7 travel rules you should break

I am not what you would call a rebel. I floss nightly. I chew each bite of food at least 20 times before swallowing, for fear of choking. As a kid, I colored between the lines. In short: I obey the rules. I always have.

But lately, I’ve noticed a little rebellious streak has emerged within me, particularly in the realm of travel. I’ve realized that a lot of people like to issue travel rules. Definitive statements about what we should and shouldn’t do as travelers. And frankly, that seems silly.

Now, don’t get me wrong: if the U.S. government issues a travel warning about heading to a foreign land, I think you should listen (or, you know, at least read the warning). I don’t think that walking down dark alleys is strange cities is necessarily a good idea. But I do think that some travel rules were made to be broken. And that by doing so, you’ll actually have a better time than if you had obeyed them. Here are seven travel rules I recommend you ignore.

Rule: Never check your bag.

I’ve heard this rule repeated time and again by experienced travelers (and I’m not going to lie: I’ve said it myself a few times as well). They warn that checking your bag makes you that much more likely to lose it. Or have your stuffed damaged, stolen, or otherwise snooped through.

Still, this is a rule that is delightful to ignore. After all, checking a bag makes going through security a breeze — no need to worry about liquid restrictions, or having to lug your bag with you while simultaneously trying to remove your shoes, watch, belt, underwear, and dental fillings. Plus, checking your bag means that you’ll be able to purchase an array of items that you couldn’t otherwise pack (perfume, wine, etc). I’ll never forget the time my hubby and I didn’t buy an absolutely amazing bottle of liqueur because we didn’t want to check our bags. I still think about it, and would have gladly waited an extra 20 minutes at baggage claim to have it.

Rule: Pack light.

I once read an article in a travel magazine in which the author implored his readers to pack nothing for their next trip. Absolutely nothing. Underwear was meant to be washed in the sink. Shirts could be re-worn several times.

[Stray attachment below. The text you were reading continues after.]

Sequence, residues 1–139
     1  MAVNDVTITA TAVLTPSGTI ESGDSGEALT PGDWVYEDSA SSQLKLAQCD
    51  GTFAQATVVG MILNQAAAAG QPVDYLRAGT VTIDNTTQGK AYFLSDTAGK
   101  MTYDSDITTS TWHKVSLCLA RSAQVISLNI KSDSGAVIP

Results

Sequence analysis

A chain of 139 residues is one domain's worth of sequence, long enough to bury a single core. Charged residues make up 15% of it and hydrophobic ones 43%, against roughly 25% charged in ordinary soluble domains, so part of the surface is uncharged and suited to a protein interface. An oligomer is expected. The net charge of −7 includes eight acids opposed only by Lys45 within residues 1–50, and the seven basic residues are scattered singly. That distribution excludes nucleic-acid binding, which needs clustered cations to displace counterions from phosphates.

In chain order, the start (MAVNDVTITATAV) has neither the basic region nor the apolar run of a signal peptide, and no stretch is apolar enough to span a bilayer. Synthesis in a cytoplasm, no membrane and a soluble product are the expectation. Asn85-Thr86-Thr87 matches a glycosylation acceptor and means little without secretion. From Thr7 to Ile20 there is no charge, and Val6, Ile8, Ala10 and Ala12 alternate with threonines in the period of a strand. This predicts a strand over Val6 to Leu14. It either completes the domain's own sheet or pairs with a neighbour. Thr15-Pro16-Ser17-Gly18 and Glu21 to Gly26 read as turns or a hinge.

For me, this isn’t exactly a viable option — perhaps because “washing underwear in the hotel bathroom sink” isn’t on my vacation to-do list.And while I understand the joys of packing light, there’s something to be said about about over-packing. Having several clean outfits to choose from (and enjoying the decadence of changing your shirt twice in a day!). Swapping out comfy shoes for even comfier ones! And honestly — if you’re just going from the airport to your hotel and back, lugging a bigger suitcase isn’t that much of an inconvenience.

Rule: Avoid tourist traps.

I’m told on a daily basis how awful tourist traps are. They’re overpriced! They’re not worth it! They’re too crowded and cliche! They’re what everyone does when they visit !

While every city has it’s own fair share of tacky, touristy activities, that doesn’t mean you should avoid all of them — especially if means missing out on something you want to see. The Colosseum in Rome is always packed with tourists — but that doesn’t mean you shouldn’t go. Nor should you skip the Empire State Building in New York. Or the Space Needle in Seattle. Are they packed with people? Absolutely. Why? Because they’re fun and iconic and worth seeing.

Rule: Don’t talk to strangers.

Okay, I admit, this one has a bit of validity. Travelers should exercise a bit of caution. I wouldn’t randomly walk up to some suspicious-looking character and tell them the details of my life, my social security number, or which hotel I’m staying in.

But one of the most rewarding things about travel is meeting new people. If you find yourself in a safe, public place, and you’re in the mood, why not spark up a conversation? I love chatting up cabbies, restaurant workers, doormen, and countless other locals I encounter for tips on what to see and do in a city. Even if I don’t end up taking their advice, I still end up having a richer experience.

Rule: Have an agenda … or at least some clue of where you’re going.

I constantly meet super-organized travelers who put me to shame. They have every minute of their vacation organized, scheduled and planned out. They’re researched tours, purchased tickets to shows, and made reservations months in advance.

I, on the other hand, am lucky if I remembered to book a return ticket home. And that’s not always a bad thing. There’s something incredibly liberating about arriving in a foreign city with absolutely no plans whatsoever. You can pop into whatever storefronts look interesting, roam a town aimlessly for hours, and snag last-minute tickets to a show or museum exhibit you’ve never heard of. Some of my best travel experiences are born from my lack of foresight.